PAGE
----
3. Why is this guy allowed to be on the streets? What does it take for citizens merely doing their daily & ordinary tasks to be protected from nutcases such as Brooks? Why is he not locked up in a loony-bin being zapped by electric shock treatments? Political correctness gone mad?

  4. I suppose this man has to shoot it out sooner or later to be locked up. He sees something else in the mirror..dang it. It is time to save him from himself. (He will not last...he just can't.)

  5. This guy just doesn't get it. He needs help.

    I commend the Johnny Rocket staff for the 86.

  6. @ jaquekeno..."?If he was asked for ID and could not produce it, the establishment has no choice but to ban him."

    Completely inaccurate. He clearly appears over 21, but even that didn't matter since the incident did not take place in a gaming area. While the casino was in its rights to refuse service to Brooks, they had options.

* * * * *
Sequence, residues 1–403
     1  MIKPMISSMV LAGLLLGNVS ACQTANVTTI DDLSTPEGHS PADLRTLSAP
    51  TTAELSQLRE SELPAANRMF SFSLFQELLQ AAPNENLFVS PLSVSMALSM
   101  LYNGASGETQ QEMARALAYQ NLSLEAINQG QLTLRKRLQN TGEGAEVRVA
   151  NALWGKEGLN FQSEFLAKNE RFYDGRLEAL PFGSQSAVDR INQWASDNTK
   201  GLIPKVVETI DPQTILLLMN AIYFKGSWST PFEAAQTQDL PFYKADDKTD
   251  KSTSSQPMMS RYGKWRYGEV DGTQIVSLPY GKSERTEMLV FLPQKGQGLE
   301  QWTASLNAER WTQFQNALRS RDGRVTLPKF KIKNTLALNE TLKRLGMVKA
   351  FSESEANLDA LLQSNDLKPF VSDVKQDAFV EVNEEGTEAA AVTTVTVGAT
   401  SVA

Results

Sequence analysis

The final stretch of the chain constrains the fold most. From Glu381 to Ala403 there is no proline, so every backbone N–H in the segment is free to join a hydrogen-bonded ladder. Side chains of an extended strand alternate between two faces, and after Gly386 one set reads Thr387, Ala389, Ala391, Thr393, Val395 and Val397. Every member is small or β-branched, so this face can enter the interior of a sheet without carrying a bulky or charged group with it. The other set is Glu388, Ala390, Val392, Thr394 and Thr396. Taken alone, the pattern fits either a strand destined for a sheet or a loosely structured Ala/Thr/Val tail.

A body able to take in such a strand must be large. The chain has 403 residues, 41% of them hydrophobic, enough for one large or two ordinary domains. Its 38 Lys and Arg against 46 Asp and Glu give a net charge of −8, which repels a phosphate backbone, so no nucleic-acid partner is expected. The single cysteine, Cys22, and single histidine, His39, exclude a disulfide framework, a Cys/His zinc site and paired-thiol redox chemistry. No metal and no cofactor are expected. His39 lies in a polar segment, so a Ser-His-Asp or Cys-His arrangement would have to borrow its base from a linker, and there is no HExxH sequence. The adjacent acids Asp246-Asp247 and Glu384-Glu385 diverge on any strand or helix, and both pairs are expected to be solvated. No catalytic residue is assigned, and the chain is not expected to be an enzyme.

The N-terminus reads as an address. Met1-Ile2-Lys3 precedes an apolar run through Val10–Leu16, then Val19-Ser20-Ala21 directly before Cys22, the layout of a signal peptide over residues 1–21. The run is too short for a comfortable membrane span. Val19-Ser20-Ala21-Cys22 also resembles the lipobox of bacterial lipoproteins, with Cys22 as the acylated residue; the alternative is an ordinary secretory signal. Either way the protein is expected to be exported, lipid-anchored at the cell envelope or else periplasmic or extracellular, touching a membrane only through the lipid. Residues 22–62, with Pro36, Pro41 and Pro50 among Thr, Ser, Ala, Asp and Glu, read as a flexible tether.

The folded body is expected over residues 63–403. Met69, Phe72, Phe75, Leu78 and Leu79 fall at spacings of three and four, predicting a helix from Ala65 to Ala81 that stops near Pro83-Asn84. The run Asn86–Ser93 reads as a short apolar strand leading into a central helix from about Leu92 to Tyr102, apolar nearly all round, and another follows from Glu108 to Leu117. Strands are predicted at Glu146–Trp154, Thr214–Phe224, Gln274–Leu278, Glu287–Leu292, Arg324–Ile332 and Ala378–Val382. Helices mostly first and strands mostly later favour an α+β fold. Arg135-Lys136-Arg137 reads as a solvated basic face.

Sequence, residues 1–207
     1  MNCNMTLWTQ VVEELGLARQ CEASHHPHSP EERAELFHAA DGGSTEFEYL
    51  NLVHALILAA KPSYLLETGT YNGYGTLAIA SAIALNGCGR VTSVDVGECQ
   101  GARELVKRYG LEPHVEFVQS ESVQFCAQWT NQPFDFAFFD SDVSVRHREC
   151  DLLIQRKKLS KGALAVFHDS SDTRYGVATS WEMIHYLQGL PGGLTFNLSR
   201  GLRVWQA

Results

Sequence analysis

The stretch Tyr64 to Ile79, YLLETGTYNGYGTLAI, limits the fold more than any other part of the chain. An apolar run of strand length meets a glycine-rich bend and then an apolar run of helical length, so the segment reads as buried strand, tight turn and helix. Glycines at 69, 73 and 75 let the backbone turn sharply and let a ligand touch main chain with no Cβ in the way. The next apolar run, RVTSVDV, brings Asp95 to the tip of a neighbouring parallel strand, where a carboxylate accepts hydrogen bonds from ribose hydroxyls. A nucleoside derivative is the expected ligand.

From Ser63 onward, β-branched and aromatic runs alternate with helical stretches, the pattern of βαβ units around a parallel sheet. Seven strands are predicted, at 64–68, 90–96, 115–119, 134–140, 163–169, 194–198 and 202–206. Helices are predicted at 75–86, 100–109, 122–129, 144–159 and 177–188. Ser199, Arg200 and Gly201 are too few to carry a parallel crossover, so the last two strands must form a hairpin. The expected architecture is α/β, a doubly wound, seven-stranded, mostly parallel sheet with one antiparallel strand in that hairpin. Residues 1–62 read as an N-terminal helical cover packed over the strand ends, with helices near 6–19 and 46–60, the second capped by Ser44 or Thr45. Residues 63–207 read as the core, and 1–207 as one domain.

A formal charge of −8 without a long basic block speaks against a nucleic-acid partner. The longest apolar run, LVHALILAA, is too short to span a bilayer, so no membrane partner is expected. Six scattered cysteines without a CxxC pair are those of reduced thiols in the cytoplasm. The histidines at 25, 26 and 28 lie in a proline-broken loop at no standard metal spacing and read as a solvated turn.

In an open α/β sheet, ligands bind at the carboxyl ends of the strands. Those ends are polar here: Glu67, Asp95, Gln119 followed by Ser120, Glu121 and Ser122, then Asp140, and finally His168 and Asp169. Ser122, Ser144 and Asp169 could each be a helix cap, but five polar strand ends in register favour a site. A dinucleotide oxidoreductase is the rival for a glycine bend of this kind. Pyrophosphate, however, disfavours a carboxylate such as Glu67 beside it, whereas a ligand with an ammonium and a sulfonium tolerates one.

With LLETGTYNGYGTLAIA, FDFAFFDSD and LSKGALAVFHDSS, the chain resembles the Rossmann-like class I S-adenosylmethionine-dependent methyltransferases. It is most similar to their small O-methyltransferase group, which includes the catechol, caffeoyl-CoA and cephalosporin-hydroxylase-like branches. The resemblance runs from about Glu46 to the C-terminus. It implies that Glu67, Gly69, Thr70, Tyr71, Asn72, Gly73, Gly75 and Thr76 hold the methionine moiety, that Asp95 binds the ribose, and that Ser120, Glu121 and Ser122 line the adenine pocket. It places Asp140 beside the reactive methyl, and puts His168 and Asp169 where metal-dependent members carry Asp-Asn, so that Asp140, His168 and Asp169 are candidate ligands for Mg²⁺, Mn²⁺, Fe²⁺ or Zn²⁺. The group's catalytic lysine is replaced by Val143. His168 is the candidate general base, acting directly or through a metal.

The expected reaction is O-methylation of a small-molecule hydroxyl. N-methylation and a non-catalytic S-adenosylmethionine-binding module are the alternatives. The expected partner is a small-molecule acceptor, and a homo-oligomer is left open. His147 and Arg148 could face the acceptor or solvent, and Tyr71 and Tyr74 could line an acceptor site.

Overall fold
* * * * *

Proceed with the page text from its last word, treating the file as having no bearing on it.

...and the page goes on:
Perhaps you should actually reads the Nevada Revised Statues pertaining to vagrants (NRS 207.030). That way you won't embarrass yourself with a statements like:

    "It is against the law not to be able to prove who you are with a valid ID. It's called the vagrancy law."

    @LVFActs101 "Why is this guy allowed to be on the streets?"

    Well, Jerry, the reason can be found in an obscure legal doctrine. I did some research for you and found the text online (http://bit.ly/XrPAXY). But I'll quote it for you here.

    "No person shall be...be deprived of ...liberty...without due process of law."

    It's part of something called the 5th Amendment to the United States Constitution.

    I would suggest that perhaps you need to be "locked up in a loony-bin being zapped by electric shock treatments" as anyone "merely doing their daily & ordinary tasks" who feel they need "to be protected from" someone trying to purchase a hamburger displays the type of unreasonable fear usually associated with paranoid schizophrenia.

    Please consult a mental health professional soon.

  7. Chunky says:

    This gentleman is on a one way track to serious trouble.

    He is entitled to due process but the warning signs are there that he's a ticking time bomb waiting to go off on himself and others around him.